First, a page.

February 28, 2013
By Chip Filson
The $2.0 billion in credit union equity funds previously in the Central Liquidity Facility (CLF) have disappeared. The December 2012 KMPG audit shows that $2.0 billion of credit union capital stock was redeemed. However, there is no word in the audit nor comment from NCUA about where these credit union funds, previously held in safe, short-term investments, are today.
The CLF is “a mixed-ownership government corporation” managed by the NCUA, but whose equity is provided solely by credit unions. As stated in NCUA’s August 2012 FAQ’s on the CLF, such funds belong to member credit unions.
This ownership is established in the CLF statute and is implemented through direct stock purchase and agent equity purchases on behalf of credit unions.
A credit union or group of credit unions primarily serving other credit unions, such as a corporate credit union, may also purchase stock on behalf of all of its natural person credit union members (agent members). Under the agent group arrangement, the agent group representation acquires and holds the stock for natural person credit unions. — “Your Credit Union’s Contingent Liquidity and the Central Liquidity Facility Frequently Asked Questions,” NCUA, August 2012.
This $2.0 billion belongs to natural person credit unions and provides the core equity to leverage the CLF’s statutory borrowing authority from the Federal Financing Bank. By unilaterally withdrawing these funds, the NCUA board has reduced this vital source of emergency liquidity from $49.8 billion one year ago to just $2.3 billion today (audit footnote 10).
This essential pillar of system soundness and lender of unfailing reliability has had its core lending capability minimized, just a few short years after achieving its highest drawings ever. According to the FAQ’s, in March 2009, total CLF lending peaked at $19.2 billion.
According to NCUA’s FAQ’s, the CLF was the primary resource for credit union emergency liquidity.
The bulk of the credit union industry has no emergency backup liquidity source beyond indirect CLF membership. Only 1.3% of federally insured credit unions — representing 3.4% of total FICU assets —belong directly to the CLF. Additionally, 5.9% of federally insured credit unions — representing 44.1% of FICU assets — have filed an application to access the Federal Reserve Discount Window. — “Your Credit Union’s Contingent Liquidity and the Central Liquidity Facility Frequently Asked Questions,” NCUA, August 2012.
This "defunding" has left the cooperative system weaker and more vulnerable. It reduces NCUA’s future regulatory options. Credit union liquidity is now at the mercy of the same institutions that froze during the last crisis.
Individually, credit unions today are indeed stronger than they were before, but the cooperative system is critically weaker.
The CLF did not fail and it has had no losses. The $2.0 billion equity is intact — somewhere. NCUA admits that the CLF’s capabilities and role may not be widely grasped.
The Central Liquidity Facility (CLF) is a special NCUA-operated lending facility for the credit union industry. Currently, whether aware of it or not, approximately 6,019 federally insured credit unions have indirect access to the CLF. The CLF can serve as a 100% reliable emergency liquidity backstop source for member credit unions in the event of a financial crisis. — “Your Credit Union’s Contingent Liquidity and the Central Liquidity Facility Frequently Asked Questions,” NCUA, August 2012.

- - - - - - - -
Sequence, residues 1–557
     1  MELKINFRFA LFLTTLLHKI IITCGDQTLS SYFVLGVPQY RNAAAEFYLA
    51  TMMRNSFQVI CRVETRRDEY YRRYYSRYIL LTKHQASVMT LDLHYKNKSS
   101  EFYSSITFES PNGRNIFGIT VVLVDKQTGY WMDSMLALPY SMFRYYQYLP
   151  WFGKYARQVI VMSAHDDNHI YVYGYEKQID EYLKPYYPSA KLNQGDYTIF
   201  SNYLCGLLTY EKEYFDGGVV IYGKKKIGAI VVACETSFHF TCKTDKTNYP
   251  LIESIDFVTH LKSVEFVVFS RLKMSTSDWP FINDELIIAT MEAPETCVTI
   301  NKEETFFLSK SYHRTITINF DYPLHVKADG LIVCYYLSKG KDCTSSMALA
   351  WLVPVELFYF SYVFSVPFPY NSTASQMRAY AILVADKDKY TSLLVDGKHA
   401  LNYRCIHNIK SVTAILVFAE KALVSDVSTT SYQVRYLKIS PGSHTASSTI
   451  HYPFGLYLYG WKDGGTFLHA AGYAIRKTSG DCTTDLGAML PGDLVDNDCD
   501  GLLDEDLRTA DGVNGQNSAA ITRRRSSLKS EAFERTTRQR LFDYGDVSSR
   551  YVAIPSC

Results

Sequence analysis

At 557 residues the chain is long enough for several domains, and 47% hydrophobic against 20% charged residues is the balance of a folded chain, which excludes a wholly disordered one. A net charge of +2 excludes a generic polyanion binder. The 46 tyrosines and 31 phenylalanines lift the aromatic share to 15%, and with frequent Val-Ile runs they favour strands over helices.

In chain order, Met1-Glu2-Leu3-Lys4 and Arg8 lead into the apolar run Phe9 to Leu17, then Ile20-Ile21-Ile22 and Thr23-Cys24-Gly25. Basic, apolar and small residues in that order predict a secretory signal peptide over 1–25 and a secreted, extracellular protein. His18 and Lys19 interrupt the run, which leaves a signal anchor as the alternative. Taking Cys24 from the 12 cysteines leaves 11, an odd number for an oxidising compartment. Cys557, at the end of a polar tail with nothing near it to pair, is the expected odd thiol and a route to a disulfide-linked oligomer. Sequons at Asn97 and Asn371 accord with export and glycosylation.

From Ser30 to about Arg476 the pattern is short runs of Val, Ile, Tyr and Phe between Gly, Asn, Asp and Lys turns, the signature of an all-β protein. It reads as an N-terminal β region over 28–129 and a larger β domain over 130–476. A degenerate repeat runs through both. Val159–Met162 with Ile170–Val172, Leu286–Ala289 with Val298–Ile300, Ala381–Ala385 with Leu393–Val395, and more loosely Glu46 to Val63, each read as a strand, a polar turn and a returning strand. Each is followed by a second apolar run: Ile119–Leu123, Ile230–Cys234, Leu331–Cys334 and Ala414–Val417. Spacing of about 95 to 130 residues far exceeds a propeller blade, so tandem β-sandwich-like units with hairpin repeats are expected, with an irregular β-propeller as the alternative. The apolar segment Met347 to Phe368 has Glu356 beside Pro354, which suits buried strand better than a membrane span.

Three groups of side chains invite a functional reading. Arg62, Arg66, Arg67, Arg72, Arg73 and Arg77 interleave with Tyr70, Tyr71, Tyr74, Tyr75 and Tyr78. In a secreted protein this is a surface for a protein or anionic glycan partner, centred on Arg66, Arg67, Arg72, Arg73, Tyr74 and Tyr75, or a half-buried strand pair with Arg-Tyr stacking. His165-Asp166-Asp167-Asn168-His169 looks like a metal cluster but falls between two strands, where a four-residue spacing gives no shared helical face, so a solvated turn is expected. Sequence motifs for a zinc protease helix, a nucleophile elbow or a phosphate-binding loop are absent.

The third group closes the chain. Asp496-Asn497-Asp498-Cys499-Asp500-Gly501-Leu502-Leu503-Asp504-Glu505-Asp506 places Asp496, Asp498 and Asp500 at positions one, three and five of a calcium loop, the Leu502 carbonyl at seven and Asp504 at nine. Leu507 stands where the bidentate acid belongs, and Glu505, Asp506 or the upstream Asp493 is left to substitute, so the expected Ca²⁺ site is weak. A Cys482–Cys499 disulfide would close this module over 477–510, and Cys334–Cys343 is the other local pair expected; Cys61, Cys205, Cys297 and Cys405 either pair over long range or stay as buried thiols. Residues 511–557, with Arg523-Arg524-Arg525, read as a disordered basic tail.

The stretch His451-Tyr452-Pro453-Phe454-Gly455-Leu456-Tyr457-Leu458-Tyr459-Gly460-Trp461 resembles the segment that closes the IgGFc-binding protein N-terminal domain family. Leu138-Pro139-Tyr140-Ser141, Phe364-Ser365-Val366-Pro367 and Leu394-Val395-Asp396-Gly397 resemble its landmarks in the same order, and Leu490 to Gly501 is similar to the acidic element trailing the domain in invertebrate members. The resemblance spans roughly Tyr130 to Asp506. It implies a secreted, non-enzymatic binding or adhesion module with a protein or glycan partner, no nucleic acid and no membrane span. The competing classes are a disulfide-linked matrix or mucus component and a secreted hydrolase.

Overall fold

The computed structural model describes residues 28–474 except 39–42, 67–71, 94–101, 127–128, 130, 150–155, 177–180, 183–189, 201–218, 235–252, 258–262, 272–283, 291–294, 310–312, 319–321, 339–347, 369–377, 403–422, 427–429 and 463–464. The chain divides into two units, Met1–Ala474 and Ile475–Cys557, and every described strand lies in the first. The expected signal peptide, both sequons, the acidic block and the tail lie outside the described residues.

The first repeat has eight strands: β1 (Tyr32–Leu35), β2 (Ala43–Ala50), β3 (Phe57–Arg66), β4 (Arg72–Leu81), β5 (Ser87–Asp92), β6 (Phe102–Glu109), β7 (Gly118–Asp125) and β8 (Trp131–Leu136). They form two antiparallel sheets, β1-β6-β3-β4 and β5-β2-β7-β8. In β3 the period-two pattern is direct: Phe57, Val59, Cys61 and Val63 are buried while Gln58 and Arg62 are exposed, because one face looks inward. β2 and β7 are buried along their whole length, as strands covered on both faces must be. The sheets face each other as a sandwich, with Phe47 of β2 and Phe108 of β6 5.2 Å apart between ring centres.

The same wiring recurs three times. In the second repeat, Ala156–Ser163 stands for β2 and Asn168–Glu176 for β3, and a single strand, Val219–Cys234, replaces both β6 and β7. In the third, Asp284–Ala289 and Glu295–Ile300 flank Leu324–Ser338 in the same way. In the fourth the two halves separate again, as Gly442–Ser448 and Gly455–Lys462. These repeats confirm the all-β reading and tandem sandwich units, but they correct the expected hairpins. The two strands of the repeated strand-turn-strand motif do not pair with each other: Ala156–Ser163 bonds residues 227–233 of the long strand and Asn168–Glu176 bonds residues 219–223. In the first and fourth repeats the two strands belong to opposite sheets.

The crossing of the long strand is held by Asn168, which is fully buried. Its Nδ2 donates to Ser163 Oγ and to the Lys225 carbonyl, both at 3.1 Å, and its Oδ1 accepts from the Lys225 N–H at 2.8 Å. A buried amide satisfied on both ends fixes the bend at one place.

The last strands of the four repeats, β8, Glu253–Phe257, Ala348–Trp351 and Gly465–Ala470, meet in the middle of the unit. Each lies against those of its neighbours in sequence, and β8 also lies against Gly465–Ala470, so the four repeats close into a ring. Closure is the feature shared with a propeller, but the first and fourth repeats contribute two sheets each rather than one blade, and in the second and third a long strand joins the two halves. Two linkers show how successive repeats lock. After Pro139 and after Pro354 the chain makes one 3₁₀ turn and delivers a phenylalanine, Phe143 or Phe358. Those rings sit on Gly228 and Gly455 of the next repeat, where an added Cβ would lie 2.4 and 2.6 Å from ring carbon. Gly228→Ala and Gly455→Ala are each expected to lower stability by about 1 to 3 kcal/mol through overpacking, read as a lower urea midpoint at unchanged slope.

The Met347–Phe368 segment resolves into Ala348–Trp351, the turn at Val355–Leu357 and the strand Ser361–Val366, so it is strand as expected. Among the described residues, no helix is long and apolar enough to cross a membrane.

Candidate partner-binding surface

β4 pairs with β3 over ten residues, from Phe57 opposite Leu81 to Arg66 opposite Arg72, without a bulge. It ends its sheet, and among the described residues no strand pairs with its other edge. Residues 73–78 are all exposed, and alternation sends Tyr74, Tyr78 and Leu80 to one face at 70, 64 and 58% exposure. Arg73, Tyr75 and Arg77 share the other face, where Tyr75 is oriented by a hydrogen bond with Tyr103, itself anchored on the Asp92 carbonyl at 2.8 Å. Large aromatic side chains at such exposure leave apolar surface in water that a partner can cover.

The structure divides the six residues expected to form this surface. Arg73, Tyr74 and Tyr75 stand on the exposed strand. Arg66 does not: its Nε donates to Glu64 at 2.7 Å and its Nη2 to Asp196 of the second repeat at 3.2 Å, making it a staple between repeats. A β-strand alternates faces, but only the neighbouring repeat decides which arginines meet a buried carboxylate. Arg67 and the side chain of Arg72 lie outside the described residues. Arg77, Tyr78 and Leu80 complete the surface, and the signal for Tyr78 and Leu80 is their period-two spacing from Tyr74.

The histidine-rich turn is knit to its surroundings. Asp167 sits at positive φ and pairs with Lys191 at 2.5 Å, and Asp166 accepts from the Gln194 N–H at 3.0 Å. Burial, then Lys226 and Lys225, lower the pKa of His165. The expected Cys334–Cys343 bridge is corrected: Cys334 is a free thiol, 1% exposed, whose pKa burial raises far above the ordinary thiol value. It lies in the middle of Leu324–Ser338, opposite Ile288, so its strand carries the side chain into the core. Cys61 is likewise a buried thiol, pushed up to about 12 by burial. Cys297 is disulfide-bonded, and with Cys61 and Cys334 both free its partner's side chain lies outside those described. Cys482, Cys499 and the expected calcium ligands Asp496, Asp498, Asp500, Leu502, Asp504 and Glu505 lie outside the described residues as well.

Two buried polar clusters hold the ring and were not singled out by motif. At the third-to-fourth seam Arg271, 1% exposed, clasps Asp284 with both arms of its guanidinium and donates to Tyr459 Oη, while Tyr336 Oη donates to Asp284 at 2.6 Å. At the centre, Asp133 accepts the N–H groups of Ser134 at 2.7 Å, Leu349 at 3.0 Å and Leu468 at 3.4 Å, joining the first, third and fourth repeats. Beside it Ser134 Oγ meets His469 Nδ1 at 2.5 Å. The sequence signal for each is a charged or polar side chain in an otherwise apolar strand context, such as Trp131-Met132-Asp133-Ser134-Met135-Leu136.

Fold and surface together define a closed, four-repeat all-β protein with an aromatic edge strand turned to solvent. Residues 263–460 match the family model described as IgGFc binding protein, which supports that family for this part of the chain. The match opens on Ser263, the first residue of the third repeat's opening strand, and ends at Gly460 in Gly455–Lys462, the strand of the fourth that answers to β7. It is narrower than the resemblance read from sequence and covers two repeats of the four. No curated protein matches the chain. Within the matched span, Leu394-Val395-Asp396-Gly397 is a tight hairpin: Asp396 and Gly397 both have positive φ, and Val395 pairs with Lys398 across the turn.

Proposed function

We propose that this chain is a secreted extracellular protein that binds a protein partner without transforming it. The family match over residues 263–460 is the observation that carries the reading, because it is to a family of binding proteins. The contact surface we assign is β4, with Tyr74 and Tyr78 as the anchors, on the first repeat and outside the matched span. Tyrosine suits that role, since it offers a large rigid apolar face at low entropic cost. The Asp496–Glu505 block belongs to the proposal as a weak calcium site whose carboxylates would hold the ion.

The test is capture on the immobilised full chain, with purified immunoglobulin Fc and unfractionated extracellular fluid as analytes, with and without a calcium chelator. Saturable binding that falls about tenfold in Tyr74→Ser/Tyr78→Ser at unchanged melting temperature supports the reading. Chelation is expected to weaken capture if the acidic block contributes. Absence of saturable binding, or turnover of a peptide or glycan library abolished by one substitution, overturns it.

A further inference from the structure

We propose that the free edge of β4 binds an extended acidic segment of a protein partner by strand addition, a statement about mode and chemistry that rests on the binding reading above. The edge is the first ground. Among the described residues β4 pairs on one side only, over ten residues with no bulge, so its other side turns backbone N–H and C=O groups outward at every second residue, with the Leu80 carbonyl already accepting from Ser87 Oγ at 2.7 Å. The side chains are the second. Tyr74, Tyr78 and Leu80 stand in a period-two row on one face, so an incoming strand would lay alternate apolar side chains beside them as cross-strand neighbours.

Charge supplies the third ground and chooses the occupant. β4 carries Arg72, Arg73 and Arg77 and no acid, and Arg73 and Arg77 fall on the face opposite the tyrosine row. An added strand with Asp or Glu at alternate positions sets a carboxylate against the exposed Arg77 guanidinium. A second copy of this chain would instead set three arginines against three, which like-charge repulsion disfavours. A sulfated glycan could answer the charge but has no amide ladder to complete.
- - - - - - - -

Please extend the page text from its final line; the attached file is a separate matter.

However, this lack of awareness places an even greater responsibility on NCUA leaders for reconnecting the CLF and its capabilities with the credit unions whose equity it holds. Just as importantly, this redesign is an opportunity for NCUA to regain the confidence of the credit union system by demonstrating that it is open to working with the industry to create new operational and governance solutions absent U.S. Central.
Hopefully, the funds removed by the NCUA board are in safekeeping — somewhere. The CLF’s creation in 1977 was the final pillar for the cooperative system’s ability to operate safely and autonomously from dependence on financial competitors.
It took years of public discussion, proposals, and negotiations to develop this unique partnership with the CLF, corporate, and credit union owners. This cooperative system solution worked. Through economic downturns, Y2K uncertainty, and the aftermath of the 9/11 terrorist attacks, there was never a concern about system liquidity. Even during the worst years of the financial crisis (2008-2009) credit unions recorded the two greatest years of back-to-back loan originations, totaling over $525 billion. Confidence was maintained and lending to members continued while much of the rest of the financial system was in a credit deep freeze.
Restoring these credit union funds to the CLF would be a critical first step in opening up a meaningful dialogue towards a new cooperative design for system liquidity. It would shift the tone of the discussion, clear up any potential misunderstandings and, most importantly, show that Washington can be responsive to the needs of the 90 million member owners who trust their cooperatives to be there, regardless of the time or circumstance.
What You Can Do
Show your support for an open and transparent process for selecting NCUA board members by signing the WhiteHouse.gov We The People petition. Doing so only requires your name, email address and zip code. Names are not published on the petition but you do need to verify your email address by approving a link that will be sent to your email once you register for an account. Then, search for "NCUA" on the petition site linked above and sign the petition "Choose NCUA Leaders Who Understand Cooperatives."
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